McClatchy Newspapers reported that "[a]ll Republican economists champion low taxes. They disagree, however, on whether reducing taxes produces enough economic stimulus to pay for itself -- a doctrine called 'supply-side economics' -- or creates worrisome federal budget deficits. [Sen. John] McCain listens to tax-cutters on both sides." In fact, McCain has at least twice asserted as fact that tax cuts increase government revenues or that "most economists" believe that they do, only to subsequently have his campaign release statements backing off those claims.
On Morning Joe, host Joe Scarborough advanced the myth that Sen. John McCain hasn't flip-flopped on his position on immigration reform by asserting: "[T]here are a lot of issues that Republicans have despised John McCain for taking positions on. He stayed with those positions, and it makes him much stronger in the fall campaign because of it, and I speak mainly of illegal immigration." In response, co-host Mika Brzezinski said, "Absolutely." Indeed, conservatives have praised McCain's rightward shift on the issue.
On The NewsHour with Jim Lehrer, Mark Shields asserted that Sen. John McCain "emphasized a lot of places of disagreement" with President Bush during his March 26 foreign policy speech, including "the sense of communality and collegiality among nations, reaching to the allies." But neither Shields nor the others in the discussion noted any of the highly critical statements McCain made about U.S. allies who opposed the Iraq war.
A Wall Street Journal editorial falsely asserted that "the Senate Intelligence Committee found" former Ambassador Joseph C. Wilson IV "had lied in claiming his wife [former CIA agent Valerie Plame] had played no role in sending him to Niger." In fact, the full committee did not conclude that Plame had suggested the mission. Further, multiple news reports have quoted unnamed intelligence officials who refuted the notion that Plame authorized, or even suggested, Wilson's trip.
CBS News' Andante Higgins reported in a blog post that "[o]ne of [Sen. John] McCain's claims to fame is his time as a prisoner of war in Vietnam, something he didn't like to discuss a lot before this campaign," adding, "Perhaps he didn't speak about it sooner because he learned from his father not to." In fact, McCain and his campaign repeatedly invoked his experience as a POW during his failed bid for the Republican presidential nomination in 2000.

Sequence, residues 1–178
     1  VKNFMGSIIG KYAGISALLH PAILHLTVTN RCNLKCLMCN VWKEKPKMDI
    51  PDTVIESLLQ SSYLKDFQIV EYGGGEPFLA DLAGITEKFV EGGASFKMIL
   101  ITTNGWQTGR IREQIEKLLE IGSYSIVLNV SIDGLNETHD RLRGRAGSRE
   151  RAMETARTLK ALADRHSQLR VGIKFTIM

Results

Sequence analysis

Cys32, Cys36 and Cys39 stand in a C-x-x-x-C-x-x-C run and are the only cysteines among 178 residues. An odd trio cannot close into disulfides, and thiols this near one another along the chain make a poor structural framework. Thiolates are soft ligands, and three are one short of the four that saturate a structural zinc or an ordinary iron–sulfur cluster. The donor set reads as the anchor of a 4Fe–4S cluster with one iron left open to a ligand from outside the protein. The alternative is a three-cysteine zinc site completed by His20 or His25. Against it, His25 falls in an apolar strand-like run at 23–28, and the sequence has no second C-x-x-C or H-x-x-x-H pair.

The Washington Post and The New York Times reported that Sen. John McCain, in the words of Times reporters Michael Powell and Jeff Zeleny, "argued this week against a vigorous federal intervention to address the [housing] crisis, saying Washington should not bail out banks and homeowners who in his view had knowingly taken on risky mortgages." However, neither article noted that McCain reportedly expressed support for the Federal Reserve's decision to extend a $30 billion line of credit to facilitate the acquisition of Bear Stearns by JP Morgan Chase.
Several media outlets reported Sen. John McCain's assertion, in his March 26 foreign policy speech, that "[w]e need to listen to the views and respect the collective will of our democratic allies," without nothing that, during the run-up to the Iraq war, McCain made statements that suggested the opposite of "respect" for the views of U.S. allies. For example, in February 2003, McCain likened France, which opposed the invasion, to an "aging movie actress in the 1940s who's still trying to dine out on her looks, but doesn't have the face for it."
A Los Angeles Times article asserted that Sen. John McCain "is running as the most fiscally conservative" presidential candidate, and specifically cited in support only McCain's "critici[sm] [of] the Medicare prescription benefit when it was created in 2003, saying that Congress and President Bush failed to provide for the long-term cost." But Sen. Hillary Clinton also opposed the bill the Times cited, saying the legislation would "start an insurance cost death spiral that will unravel Medicare's financing."
The Boston Globe's Peter S. Canellos reported that Sen. John McCain's "opposition to Bush on a range of issues, combined with his nonideological voting record, gives him an image of moderation." In fact, McCain himself has stated, "My record in public office taken as a whole is the record of a mainstream conservative," and has said that he will "offer Americans ... a clearly conservative approach to governing." Furthermore, academic studies of McCain's voting record have ranked him among the most conservative members of the Senate.
The Associated Press reported that Sen. John McCain "has decided not to accept the public matching funds," but that the Federal Election Commission "wants him to assure regulators that he did not use the promise of public money as collateral for [a] loan." The article did not mention that FEC Chairman David Mason has asserted that McCain cannot legally withdraw from the public finance system without FEC approval. Additionally, a Wall Street Journal article did not note that McCain may not be able to opt out of the public financing system.